From September 13th, through October 17th 2004, the NOAA (National Oceanic and Atmospheric Administration) research vessel Hi`ialakai ("embracing pathways to the sea," pictured to left), conducted a scientific expedition to the Northwestern Hawaiian Islands. The expedition included Rapid Ecological Assessments (REAs) of reef fish, corals, other invertebrates, and algae; towed diver surveys of fish and benthic (bottom) cover; benthic habitat mapping; and long-term biological and oceanographic monitoring of the coral reef ecosystems of the NWHI. During the expedition, a science writer on board documented the research and monitoring efforts for a general audience with daily journals and special features. You can find a list of participants here, our sail plan here, and daily plans of the day here. See also the Bibliography.
Reader Challenges: See our pages on La Perouse and Gardner Pinnacles for challenges posed to the reader, and use the "Ask About It!" link to send your solution. We'll post the most interesting replies on this web site!
on one of the following areas to follow the expedition.
Daily "plan of the day" for operations.
or semi-daily personal journal entries by the particpants
in the expedition.
Interviews with expedition participants, scientists,
vessel crew, educators, etc.
Highlights or special information such as interesting
discoveries or related research.
The Reef Assessment and Monitoring Program (RAMP) is a multi-agency, multi-year effort that began monitoring the Northwestern Hawaiian Islands (NWHI) in 2000. The program will be expanded to other island chains in the near future.
Funding for the 2004 NWHI Reef Assessment and Monitoring Program Expedition was provided by NOAA. Research permits were granted by the the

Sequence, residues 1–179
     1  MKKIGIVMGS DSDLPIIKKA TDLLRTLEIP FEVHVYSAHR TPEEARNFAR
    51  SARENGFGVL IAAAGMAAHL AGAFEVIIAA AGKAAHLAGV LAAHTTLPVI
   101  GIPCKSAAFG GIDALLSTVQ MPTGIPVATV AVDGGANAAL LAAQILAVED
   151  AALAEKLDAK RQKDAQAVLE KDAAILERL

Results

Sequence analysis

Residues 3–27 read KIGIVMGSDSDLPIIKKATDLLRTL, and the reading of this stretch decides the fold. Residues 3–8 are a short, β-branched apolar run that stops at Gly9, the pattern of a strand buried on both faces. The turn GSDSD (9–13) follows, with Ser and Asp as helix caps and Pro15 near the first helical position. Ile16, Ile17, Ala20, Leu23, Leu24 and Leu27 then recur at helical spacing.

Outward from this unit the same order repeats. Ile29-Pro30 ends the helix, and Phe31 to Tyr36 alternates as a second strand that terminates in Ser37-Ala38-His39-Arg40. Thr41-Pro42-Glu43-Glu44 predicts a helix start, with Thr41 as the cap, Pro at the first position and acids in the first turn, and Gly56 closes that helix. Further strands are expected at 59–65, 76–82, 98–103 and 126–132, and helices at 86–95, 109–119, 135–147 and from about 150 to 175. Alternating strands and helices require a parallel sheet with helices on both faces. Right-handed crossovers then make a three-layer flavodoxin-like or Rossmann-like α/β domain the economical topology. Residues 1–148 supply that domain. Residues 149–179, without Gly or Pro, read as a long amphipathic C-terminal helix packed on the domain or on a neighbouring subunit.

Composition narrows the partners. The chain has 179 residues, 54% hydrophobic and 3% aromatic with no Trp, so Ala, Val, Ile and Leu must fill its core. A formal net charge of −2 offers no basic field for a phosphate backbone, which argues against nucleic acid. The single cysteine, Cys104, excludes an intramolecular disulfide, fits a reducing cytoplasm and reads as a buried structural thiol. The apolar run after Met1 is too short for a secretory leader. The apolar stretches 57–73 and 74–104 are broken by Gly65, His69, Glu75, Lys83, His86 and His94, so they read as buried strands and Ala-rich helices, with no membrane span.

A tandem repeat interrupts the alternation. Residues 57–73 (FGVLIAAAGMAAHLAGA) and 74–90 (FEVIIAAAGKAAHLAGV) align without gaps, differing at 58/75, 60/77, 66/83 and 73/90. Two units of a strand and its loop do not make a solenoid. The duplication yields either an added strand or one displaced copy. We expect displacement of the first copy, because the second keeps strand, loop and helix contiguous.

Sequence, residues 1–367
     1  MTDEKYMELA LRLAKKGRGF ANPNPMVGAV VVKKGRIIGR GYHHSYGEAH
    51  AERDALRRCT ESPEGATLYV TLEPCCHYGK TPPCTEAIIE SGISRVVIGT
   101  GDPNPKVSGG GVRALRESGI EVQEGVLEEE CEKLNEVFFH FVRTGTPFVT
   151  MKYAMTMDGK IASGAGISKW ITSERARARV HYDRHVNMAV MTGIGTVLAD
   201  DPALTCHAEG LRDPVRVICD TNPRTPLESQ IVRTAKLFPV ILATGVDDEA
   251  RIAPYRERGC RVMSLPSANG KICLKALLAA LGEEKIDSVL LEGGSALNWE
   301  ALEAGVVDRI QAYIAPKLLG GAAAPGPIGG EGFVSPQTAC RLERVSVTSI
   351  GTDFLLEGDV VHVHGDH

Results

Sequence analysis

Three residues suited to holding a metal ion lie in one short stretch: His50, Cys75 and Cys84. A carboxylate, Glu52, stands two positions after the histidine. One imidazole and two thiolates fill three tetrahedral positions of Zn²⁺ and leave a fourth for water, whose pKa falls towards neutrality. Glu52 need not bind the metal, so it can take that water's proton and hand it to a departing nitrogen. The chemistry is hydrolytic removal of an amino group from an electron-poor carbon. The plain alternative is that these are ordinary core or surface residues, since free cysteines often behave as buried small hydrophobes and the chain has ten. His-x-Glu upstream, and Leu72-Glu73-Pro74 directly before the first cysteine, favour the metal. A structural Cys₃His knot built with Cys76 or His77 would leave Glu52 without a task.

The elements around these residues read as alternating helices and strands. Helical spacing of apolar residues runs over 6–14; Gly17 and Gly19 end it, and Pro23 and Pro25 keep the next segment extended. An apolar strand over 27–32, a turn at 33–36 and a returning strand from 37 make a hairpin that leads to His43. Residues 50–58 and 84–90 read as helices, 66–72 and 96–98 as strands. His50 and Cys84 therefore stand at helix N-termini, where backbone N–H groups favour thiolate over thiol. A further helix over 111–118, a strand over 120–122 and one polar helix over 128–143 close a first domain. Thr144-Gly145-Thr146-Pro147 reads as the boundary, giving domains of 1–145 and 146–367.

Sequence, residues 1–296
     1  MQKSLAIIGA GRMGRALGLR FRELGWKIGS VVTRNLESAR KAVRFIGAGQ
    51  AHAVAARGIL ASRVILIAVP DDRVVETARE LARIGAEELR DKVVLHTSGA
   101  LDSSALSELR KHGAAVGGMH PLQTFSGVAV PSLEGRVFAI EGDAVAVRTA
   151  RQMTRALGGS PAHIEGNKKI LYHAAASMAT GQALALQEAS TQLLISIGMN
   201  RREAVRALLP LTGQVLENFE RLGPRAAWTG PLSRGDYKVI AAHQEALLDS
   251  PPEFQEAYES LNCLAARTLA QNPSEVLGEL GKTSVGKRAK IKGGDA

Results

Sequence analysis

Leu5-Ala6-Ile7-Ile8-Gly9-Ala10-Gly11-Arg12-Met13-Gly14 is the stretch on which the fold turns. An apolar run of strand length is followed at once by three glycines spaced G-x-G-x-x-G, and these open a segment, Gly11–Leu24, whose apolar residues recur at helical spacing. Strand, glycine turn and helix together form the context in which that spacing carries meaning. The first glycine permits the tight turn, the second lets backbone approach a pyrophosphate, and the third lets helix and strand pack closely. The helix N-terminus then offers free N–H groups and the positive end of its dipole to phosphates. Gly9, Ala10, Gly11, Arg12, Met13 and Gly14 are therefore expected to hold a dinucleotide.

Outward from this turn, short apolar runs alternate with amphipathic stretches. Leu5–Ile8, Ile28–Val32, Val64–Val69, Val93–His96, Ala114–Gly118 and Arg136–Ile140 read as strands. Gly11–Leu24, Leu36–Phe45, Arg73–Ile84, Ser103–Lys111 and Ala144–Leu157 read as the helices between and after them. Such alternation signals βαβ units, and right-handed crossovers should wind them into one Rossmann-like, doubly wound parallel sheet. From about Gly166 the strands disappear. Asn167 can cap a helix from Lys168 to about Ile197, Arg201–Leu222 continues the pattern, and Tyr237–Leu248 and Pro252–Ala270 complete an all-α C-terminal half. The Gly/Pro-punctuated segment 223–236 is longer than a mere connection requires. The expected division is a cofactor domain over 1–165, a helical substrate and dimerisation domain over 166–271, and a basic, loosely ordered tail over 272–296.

U.S. Fish and Wildlife Service, the State of Hawai`i Department of Land and Natural Resources, and the NWHI Coral Reef Ecosystem Reserve. The views expressed on this web site do not necessarily reflect the positions of any of the agencies connected with this project.
Talk About It!
Estimating fish populations
Asked by Richard from Dare Design on Sep 18, 2004.
How do you measure or estimate populations of fish in such a large area as the NWHI?
Answered by Craig Musburger (on the Hi`ialakai) on Sep 20, 2004.
The fish scientists on the NOWRAMP team face the same problem in estimating fish populations in the NWHI as any scientist faces when trying to work with such a large area. Since it is not possible to survey every square inch of the reef up here, we are forced to take samples of representative areas. We have two methods we use to take
these samples. First, we have a "Tow Team" that consists of two divers being towed behind a small boat who count all the large fish they see as they cover a considerable amount of area. They also make an attempt to classify the habitat types they encounter so we can estimate how much area is made up of the various different habitats. Second, we have the Fish REA (Rapid Ecological Assessment) Team which consists of 3 divers that make a much finer scale analysis of each and every fish they see within a smaller area. They identify, count, and estimate the size of every fish seen within a fixed area to try to get an estimate of the types and amounts of every species of fish per unit area. By combining the efforts of these two teams, we can then make large-scale estimations of the fish populations in the NWHI. Hope this helps answer your question.